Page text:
Here’s just a sampler of the kinds of cases the Helpline has helped schools with:
Cross-platform content deleted. Students set up an ASKfm account and then used information on it to post similar content on a private Twitter account. Both pages contained content that violated the services’ Terms of Service so we escalated the case first to ASKfm, and the account was deleted right away. Reporting the Twitter account was a little harder because it was private, but through screen shots that school staff were able to obtain from student leaders, we were able to verify that the content constituted harassment and report it to Twitter, which removed the account immediately.
Account sharing nude photos deleted. A middle school counselor called about nude photos of one of her students being shared on the Toronto-based Kik messenger app, apparently by another student. She had reported the case to local law enforcement and gotten no response. Kik deleted the account.
School “dating page” deleted. A district staff member called about a “dating site” created on Instagram by students at a K-8 school, saying it was “a cyberbullying minefield.” The account was removed promptly.
Student’s account hacked, then deleted. A middle school administrator called saying a student’s Instagram account had been hacked, the content deleted, and the name changed, with her followers remaining. Instagram froze the account until it received information that would allow the student to reclaim it. When she sent her correct email address, Instagram found that she’d started a new one already and chose to stick with that one, so the hijacked account was deleted.
Harassing accounts deleted. A middle school administrator called about two accounts on Instagram that were harassing female students by insulting them and calling them names. He was concerned that the minute a page was taken down another would pop up, and a third one did. He shared the screennames, which we passed along to Instagram, and all three accounts were deleted.
Account soliciting students’ nude photos deleted. A high school student adviser called saying that a parent and his daughter had come to her office to show her the (faceless) nude photo of a female student that had been shared with her, claiming it was her. She insisted it wasn’t, and she and her father wanted the harassment to stop. It turned out that more than two dozen students at that school had been solicited by this Snapchat account via chat. We sent the screenname on the account to Snapchat and it was down within hours.
Account of a creepy harasser deleted. A middle school counselor contacted us saying a 7th grader reported being sexually harassed in the Musical.ly DIY music video app. The student was getting comments like “nice booty” and “sooo hot!” When she went to his profile to block the harasser, she found sexually explicit videos. The counselor tried to help her block the person and report it to the company via a menu option on the follower’s profile page but he was still on her feed. The counselor then gave us the screennames of both the student and the follower. With some research, we were able to find the app’s community manager and she quickly took the offending account down.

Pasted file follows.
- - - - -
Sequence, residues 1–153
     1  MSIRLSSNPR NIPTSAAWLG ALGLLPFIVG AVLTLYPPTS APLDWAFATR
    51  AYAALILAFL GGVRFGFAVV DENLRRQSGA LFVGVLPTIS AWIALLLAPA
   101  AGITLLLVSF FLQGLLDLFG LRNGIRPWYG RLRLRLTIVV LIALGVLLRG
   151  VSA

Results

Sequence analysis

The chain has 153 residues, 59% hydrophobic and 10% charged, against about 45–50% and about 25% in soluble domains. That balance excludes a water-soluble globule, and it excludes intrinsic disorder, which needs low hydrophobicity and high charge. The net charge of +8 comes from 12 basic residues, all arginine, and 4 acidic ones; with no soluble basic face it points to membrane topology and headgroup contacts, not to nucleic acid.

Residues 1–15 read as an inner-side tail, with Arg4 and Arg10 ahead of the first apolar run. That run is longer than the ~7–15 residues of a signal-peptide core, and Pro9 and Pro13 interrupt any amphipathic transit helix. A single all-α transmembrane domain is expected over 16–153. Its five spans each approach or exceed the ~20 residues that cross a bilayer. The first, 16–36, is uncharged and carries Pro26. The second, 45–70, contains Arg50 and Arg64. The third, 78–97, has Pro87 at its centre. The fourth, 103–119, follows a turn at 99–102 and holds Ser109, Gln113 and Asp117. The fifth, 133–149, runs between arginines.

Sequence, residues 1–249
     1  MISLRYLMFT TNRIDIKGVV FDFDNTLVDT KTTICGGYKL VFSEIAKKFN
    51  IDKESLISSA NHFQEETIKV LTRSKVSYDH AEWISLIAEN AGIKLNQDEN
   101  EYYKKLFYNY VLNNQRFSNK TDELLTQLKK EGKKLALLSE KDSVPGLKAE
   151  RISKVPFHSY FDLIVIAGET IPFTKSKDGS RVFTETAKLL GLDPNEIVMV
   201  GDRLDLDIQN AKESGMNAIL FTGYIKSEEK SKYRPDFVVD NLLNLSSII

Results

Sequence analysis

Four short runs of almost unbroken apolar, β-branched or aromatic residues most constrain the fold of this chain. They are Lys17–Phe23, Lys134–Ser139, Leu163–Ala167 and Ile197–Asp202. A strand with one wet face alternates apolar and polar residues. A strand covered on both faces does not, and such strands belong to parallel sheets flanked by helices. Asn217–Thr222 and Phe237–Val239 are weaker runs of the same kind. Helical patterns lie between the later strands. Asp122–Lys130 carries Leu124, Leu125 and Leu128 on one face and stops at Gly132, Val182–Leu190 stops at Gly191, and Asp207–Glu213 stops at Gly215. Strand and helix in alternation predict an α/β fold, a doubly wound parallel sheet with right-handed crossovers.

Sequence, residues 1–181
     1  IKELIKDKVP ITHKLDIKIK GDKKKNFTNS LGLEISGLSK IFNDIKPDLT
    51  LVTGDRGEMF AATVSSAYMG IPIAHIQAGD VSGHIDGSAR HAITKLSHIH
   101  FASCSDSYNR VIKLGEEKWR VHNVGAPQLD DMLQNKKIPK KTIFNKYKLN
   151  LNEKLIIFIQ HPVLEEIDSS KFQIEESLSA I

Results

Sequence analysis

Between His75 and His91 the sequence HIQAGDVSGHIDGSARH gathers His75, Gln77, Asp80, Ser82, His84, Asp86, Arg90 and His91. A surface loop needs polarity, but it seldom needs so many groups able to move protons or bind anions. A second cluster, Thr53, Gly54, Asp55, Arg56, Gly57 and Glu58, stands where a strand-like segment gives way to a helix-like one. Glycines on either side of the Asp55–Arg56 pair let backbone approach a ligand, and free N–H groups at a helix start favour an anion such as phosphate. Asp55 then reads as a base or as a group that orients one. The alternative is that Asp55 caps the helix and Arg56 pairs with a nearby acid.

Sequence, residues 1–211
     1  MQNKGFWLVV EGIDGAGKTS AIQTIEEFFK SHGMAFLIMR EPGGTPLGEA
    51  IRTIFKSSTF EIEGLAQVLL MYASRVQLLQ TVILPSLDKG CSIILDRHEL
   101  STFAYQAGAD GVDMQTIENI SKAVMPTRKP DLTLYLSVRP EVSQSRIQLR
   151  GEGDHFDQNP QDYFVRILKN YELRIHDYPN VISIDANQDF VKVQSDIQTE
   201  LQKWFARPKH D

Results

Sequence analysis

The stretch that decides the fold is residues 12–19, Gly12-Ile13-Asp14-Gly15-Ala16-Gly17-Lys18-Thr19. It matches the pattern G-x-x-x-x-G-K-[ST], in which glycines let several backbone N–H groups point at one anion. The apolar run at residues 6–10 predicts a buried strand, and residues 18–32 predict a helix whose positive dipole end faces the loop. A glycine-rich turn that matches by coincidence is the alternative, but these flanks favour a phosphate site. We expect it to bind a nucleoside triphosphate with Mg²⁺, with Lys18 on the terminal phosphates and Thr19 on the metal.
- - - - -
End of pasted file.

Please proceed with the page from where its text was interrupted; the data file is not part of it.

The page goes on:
Harassing video deleted. A teacher at a private school Georgia contact us requesting help in getting deleted a YouTube video that harassed a student by using parts of a video she’d posted, insulting her and calling her names. The teacher also said that threats were being made against her in the comments below the video. YouTube quickly deleted the video after we flagged it with the context provided by the teacher.
Account soliciting nudes deleted. A middle school counselor called reporting that female students were receiving nude photos “from what appears to be a student at their school” who created a fake Instagram account. The student was using the account to solicit more nudes and threaten the girls with hacking their accounts (students need to know that this is the digital form of sexual harassment). Instagram quickly deleted the account.
Explosion of h.s. drama contained. A middle school principal contacted us about a gossip account involving hateful speech about students in several high schools in his district. He was calling because the high schools’ principals were busy trying to “put out this fire” – what students were starting to refer to in tweets as “fight week” – so he was running support by sending us links and other evidence to report to Twitter (indicating how helpful teamwork among administrators and between administrators and students can be). A number of students wanted to help make this “drama” go away). When we got the original account deleted, a handful more were created to replace it, and when Twitter took those down, students reported new private ones that had gone up, all with similar names. Private direct messages (DMs) were also being shared publicly by students over Twitter. All the harassing accounts were deleted within the week. The case illustrates how hard it would be for services with hundreds of millions of users in multiple countries to take action against one school district’s problem without the “trusted reporter” role of a helpline cooperating with users and supporters seeking deletion. Even with copycat accounts popping up in real-time, as long as students (often student leaders) keep reporting them, problems like this get resolved.